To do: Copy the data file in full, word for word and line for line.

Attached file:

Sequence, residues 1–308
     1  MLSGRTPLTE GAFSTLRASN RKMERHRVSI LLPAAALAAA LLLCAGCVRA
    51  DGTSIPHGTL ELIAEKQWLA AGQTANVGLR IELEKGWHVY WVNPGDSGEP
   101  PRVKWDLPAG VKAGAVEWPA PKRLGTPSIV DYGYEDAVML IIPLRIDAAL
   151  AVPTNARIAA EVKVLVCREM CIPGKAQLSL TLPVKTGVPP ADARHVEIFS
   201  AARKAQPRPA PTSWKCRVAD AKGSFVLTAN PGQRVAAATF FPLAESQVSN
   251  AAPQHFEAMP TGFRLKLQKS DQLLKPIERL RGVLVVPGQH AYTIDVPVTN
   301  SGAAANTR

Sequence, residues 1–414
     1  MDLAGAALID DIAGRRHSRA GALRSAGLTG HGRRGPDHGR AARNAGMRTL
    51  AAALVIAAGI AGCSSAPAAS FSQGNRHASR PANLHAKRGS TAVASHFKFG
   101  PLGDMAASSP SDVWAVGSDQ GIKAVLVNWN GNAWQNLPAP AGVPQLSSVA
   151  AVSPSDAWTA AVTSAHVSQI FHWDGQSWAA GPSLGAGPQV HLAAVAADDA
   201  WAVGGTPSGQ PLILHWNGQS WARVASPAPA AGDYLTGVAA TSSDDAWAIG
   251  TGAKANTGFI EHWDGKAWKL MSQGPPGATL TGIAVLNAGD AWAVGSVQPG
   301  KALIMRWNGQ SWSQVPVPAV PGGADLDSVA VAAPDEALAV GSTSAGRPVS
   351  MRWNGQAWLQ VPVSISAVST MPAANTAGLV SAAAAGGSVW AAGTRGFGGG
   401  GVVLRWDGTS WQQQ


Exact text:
Sequence, residues 1–308
     1  MLSGRTPLTE GAFSTLRASN RKMERHRVSI LLPAAALAAA LLLCAGCVRA
    51  DGTSIPHGTL ELIAEKQWLA AGQTANVGLR IELEKGWHVY WVNPGDSGEP
   101  PRVKWDLPAG VKAGAVEWPA PKRLGTPSIV DYGYEDAVML IIPLRIDAAL
   151  AVPTNARIAA EVKVLVCREM CIPGKAQLSL TLPVKTGVPP ADARHVEIFS
   201  AARKAQPRPA PTSWKCRVAD AKGSFVLTAN PGQRVAAATF FPLAESQVSN
   251  AAPQHFEAMP TGFRLKLQKS DQLLKPIERL RGVLVVPGQH AYTIDVPVTN
   301  SGAAANTR

Sequence, residues 1–414
     1  MDLAGAALID DIAGRRHSRA GALRSAGLTG HGRRGPDHGR AARNAGMRTL
    51  AAALVIAAGI AGCSSAPAAS FSQGNRHASR PANLHAKRGS TAVASHFKFG
   101  PLGDMAASSP SDVWAVGSDQ GIKAVLVNWN GNAWQNLPAP AGVPQLSSVA
   151  AVSPSDAWTA AVTSAHVSQI FHWDGQSWAA GPSLGAGPQV HLAAVAADDA
   201  WAVGGTPSGQ PLILHWNGQS WARVASPAPA AGDYLTGVAA TSSDDAWAIG
   251  TGAKANTGFI EHWDGKAWKL MSQGPPGATL TGIAVLNAGD AWAVGSVQPG
   301  KALIMRWNGQ SWSQVPVPAV PGGADLDSVA VAAPDEALAV GSTSAGRPVS
   351  MRWNGQAWLQ VPVSISAVST MPAANTAGLV SAAAAGGSVW AAGTRGFGGG
   401  GVVLRWDGTS WQQQ